Yesterday evening the Mars Exploration Rover mission posted an update that states "increasing concern" for the continued health of Opportunity. Although the skies are not quite as dark as they have been, dust is now beginning to settle on the solar panels, so "the rover is producing barely as much energy as it is using in a very-low-power regimen it has been following since July 18." Its low-power regimen has allowed it to remain power-positive until now, but because the rover has been inactive, its core temperature has been dropping by one degree Celsius per day. Now the temperature has dropped to -37°C, within 2° of triggering the power-on of survival heaters. Those heaters, if turned on, will quickly deplete Opportunity's remaining power. The only thing that the mission can do is to command more activities, a plan that will make Opportunity "power-negative," but which will warm up the rover enough to avoid the power-on of those heaters.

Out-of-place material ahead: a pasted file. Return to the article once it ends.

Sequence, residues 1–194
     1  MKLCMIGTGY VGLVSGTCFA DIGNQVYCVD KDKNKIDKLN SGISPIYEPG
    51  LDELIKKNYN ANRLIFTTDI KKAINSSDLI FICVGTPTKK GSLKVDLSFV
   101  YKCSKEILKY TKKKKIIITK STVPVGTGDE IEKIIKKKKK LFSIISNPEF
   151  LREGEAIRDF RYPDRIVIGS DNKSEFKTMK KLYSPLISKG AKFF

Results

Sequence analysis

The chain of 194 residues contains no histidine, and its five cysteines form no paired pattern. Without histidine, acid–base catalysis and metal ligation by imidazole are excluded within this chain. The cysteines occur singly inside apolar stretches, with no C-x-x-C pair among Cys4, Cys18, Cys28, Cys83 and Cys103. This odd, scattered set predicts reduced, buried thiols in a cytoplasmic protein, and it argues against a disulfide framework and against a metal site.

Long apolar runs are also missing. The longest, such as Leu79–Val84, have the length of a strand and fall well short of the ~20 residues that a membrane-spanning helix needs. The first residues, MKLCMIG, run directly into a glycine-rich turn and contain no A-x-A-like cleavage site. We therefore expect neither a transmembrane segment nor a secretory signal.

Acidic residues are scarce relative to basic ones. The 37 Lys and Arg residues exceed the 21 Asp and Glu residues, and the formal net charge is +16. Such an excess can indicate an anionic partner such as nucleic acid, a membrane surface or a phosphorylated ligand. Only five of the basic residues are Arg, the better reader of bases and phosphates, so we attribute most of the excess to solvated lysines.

According to project manager John Callas, "This means there is a real risk that Opportunity will trip a low-power fault sometime during this plan. When a low-power fault is tripped, the rover's systems take the batteries off-line, putting the rover to sleep and then checking each sol to see if there is sufficient available energy to wake up and perform daily fault communications. If there is not sufficient energy, Opportunity will stay asleep. Depending on the weather conditions, Opportunity could stay asleep for days, weeks or even months, all the while trying to charge her batteries with whatever available sunlight there might be.